2.2.2 Stocks solutions

Two stock solutions of the extract were prepared using two different solvents, acetone and dimethyl sulfoxide (DMSO), both at the concentration of 100 mg/mL. The objective of this was to determine which solvent worked better to dissolve the lyophilized extracts. Solutions were then diluted with culture medium (DMEM) yielding final extracts concentrations with DMSO or acetone concentration of 0.5%.

2.3 Cell culture

A cell line of urinary bladder transitional cell carcinoma T24 (ATCC No.: HTB-4) was cultured in Dulbecco's modified Eagle's medium (DMEM) low glucose, supplemented with 10% fetal bovine serum (FBS; Capricorn scientific, South America) and 1% antibiotic (penicillin 107 Unit/L, streptomycin 10000 mg/L; Capricorn scientific, Germany) in tissue culture flasks (Greiner, Germany). The cultures were incubated at 37°C with 5% CO2 and the medium was changed every 48 hours. When 80% to 90% confluence was reached, the cultures were treated with trypsin-ethylenediaminetetraacetic acid (EDTA) 0.004% (SAFC, USA) and subcultured(22).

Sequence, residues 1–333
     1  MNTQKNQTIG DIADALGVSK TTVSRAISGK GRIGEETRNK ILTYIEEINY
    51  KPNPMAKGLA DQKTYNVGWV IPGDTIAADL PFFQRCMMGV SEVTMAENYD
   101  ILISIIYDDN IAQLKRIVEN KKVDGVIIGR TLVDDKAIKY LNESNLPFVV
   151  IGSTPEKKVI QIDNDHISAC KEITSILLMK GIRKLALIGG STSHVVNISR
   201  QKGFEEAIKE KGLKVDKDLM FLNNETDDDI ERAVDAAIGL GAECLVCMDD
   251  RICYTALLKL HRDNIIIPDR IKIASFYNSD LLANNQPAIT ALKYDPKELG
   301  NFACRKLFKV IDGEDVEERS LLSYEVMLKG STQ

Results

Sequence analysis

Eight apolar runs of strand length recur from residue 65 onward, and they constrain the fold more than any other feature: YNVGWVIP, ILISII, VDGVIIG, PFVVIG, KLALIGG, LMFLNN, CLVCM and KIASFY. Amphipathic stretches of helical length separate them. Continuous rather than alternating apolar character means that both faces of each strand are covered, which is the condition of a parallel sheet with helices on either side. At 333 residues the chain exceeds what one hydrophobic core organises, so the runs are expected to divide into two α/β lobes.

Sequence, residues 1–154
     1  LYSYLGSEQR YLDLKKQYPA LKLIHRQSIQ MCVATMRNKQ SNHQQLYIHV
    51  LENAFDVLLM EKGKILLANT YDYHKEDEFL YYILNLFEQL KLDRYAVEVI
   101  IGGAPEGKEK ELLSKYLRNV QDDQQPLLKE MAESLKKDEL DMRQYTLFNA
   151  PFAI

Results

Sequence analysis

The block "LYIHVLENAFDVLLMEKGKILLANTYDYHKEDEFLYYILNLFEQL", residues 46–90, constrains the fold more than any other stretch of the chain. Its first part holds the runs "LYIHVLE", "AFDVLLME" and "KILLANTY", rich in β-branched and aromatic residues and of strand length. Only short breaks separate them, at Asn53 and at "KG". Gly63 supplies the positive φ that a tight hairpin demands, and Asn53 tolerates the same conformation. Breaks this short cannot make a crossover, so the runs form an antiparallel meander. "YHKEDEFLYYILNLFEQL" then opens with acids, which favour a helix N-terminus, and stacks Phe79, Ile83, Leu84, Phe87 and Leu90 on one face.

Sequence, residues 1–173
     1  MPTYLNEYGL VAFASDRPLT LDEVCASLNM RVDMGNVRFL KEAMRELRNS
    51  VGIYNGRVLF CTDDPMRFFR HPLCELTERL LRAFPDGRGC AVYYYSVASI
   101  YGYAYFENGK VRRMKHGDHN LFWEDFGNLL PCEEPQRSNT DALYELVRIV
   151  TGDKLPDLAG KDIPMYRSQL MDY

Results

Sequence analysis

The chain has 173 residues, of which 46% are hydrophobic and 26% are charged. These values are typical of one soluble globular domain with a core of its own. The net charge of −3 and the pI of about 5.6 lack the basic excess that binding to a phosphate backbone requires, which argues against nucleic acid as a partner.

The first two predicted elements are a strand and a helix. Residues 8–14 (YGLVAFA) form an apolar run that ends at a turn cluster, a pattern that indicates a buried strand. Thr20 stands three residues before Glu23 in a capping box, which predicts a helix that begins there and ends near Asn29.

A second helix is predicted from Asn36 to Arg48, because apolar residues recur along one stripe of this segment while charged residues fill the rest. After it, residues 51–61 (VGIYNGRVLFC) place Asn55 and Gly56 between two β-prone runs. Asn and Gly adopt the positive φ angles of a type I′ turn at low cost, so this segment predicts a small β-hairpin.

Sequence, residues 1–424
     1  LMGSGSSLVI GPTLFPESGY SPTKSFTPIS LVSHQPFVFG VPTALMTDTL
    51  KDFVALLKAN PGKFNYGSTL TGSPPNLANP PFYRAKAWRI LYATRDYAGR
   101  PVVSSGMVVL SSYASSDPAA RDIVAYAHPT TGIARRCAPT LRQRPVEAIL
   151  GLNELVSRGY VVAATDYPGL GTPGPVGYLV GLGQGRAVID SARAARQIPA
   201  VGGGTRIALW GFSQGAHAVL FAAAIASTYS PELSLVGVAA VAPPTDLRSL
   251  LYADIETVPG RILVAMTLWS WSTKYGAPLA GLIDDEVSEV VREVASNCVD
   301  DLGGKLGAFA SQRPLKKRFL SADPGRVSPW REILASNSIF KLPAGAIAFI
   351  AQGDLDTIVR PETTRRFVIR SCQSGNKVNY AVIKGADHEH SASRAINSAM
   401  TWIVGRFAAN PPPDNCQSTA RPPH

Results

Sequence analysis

2.4 Cytotoxicity assay – Microculture Tetrazolium (MTT)

Cells were washed with phosphate buffer saline solution (PBS), collected by trypsinization, plated in 96 well plates (104 cells/well) and incubated under 5% CO2 at 37ºC for 24 hours. After that, the cells were treated with the DMSO and acetonic Senecio extract dilutions at the following concentrations, 0.5 mg/mL, 0.25 mg/mL, 0.125 mg/mL and 0.06 mg/mL.